London, England–based interaction designer Alexandra Deschamps-Sonsino developed Good Night Lamp (—a product that emulates some of the core functions of people-tracking apps such as Apple's Find My Friends and Life360's (San Francisco, California) Life360. Good Night Lamp is an internet-connected house-shaped light. Through its internet connection, the light communicates with one or several smaller matching house-shaped lights. When a user turns on the light of the main unit, the smaller connected units illuminate as well, wherever they are in the world. Family members living apart or people in long-distance relationships can use the Good Night Lamp to let one another know when they are at home by turning on the light of the main unit when they come home and shutting it off when they leave.

Vitality's (Los Angeles, California) GlowCap is an electronic pill-bottle cap that imitates the core functions of pill-schedule apps that require the user to log data in a smartphone app. The device, which replaces a traditional pill-bottle cap, uses a built-in sensor to track dosage activity automatically and emits a gentle glow to remind users to take their pills. If users still do not take their pills, the GlowCap will glow brightly and send a notification to their smartphone. The product is ideal for forgetful people because people who are likely to forget to take their pills are also likely to forget to use a smartphone app to log when they take their pills.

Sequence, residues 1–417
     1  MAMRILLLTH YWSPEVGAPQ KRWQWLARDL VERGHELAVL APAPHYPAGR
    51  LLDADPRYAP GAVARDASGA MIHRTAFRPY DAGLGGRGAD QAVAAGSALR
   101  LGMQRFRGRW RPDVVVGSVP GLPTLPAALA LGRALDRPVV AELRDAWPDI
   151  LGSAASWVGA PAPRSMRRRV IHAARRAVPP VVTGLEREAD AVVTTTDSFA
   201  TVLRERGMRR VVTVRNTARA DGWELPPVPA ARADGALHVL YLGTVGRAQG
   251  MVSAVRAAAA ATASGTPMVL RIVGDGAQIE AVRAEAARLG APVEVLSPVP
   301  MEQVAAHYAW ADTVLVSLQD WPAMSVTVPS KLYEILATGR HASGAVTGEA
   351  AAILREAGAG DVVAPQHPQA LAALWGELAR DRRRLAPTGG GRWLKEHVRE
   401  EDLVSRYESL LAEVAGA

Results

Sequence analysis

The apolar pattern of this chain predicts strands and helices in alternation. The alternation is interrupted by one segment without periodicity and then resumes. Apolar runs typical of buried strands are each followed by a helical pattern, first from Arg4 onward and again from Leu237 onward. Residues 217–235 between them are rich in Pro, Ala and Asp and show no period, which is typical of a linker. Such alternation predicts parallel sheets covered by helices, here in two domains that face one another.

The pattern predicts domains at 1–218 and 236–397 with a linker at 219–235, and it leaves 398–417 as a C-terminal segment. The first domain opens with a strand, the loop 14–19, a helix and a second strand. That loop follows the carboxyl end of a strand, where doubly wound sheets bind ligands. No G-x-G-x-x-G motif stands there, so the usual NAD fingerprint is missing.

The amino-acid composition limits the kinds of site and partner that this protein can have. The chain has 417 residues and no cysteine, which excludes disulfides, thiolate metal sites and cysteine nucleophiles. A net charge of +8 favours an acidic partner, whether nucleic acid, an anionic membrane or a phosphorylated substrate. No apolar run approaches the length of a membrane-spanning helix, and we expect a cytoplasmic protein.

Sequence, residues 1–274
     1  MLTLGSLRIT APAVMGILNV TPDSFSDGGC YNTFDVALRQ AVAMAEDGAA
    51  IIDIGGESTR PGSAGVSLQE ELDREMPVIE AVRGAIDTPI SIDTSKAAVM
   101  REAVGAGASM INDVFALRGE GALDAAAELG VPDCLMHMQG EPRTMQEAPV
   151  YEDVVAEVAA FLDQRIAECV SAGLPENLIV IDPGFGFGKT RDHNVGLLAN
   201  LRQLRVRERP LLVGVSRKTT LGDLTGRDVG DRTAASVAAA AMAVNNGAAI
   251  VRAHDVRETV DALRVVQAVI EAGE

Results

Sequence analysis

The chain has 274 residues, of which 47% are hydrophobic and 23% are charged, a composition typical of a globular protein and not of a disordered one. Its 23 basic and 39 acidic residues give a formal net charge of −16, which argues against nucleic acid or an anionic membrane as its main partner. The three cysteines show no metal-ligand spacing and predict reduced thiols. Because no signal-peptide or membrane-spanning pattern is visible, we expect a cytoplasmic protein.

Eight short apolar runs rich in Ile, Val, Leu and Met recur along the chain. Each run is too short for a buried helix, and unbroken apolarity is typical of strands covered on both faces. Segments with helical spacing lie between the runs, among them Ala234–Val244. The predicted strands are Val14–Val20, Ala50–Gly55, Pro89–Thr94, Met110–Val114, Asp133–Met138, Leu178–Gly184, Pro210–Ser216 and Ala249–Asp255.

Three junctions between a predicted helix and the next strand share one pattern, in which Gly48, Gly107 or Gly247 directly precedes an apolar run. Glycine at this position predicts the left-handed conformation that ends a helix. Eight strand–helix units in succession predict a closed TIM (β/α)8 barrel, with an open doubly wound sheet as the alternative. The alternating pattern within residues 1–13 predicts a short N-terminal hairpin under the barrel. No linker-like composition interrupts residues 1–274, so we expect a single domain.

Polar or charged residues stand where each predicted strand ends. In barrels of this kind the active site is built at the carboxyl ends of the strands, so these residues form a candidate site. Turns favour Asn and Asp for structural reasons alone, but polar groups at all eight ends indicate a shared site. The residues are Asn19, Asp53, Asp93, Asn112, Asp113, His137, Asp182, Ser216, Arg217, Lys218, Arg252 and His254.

Ambient Devices' (Cambridge, Massachusetts) Energy Joule product emulates key functions of electrical-power-consumption-measuring apps. Energy Joule is a small display device that wirelessly communicates with a user's smart meter to display power-usage trends and other information. The color of the display changes to reflect real-time variations in the price of electricity (red indicates high energy prices, whereas green signals average or low energy prices). The device provides users with easy-to-use, at-a-glance information and can help users reduce power consumption in an almost playful way.

Despite competition from modern tablets, which are advanced reading devices with multiple functionalities, dedicated e-readers such as Amazon's Kindle continue to sell well. Such single-purpose e-readers use electronic-paper displays that do not strain users' eyes as much as tablet screens (typically LCDs) do—particularly in bright sunlight and in the dark. For this reason, many consumers believe that dedicated e-readers with electronic-paper displays are superior to tablets for long reading sessions.

Single-purpose devices may also have vastly longer product life cycles than smartphones do. Whereas smartphones may have a relatively short two-year life cycle, single-purpose devices may have a life cycle comparable to that of an appliance, lasting a decade or more. Because of the simplicity, longevity, and ease of use of single-purpose devices, users may prefer them over apps on multipurpose devices. Smartphones and other multipurpose devices are here to stay, but product developers might find that many existing and future smartphone apps provide inspiration for physical apps—stand-alone products that focus solely on a specific task.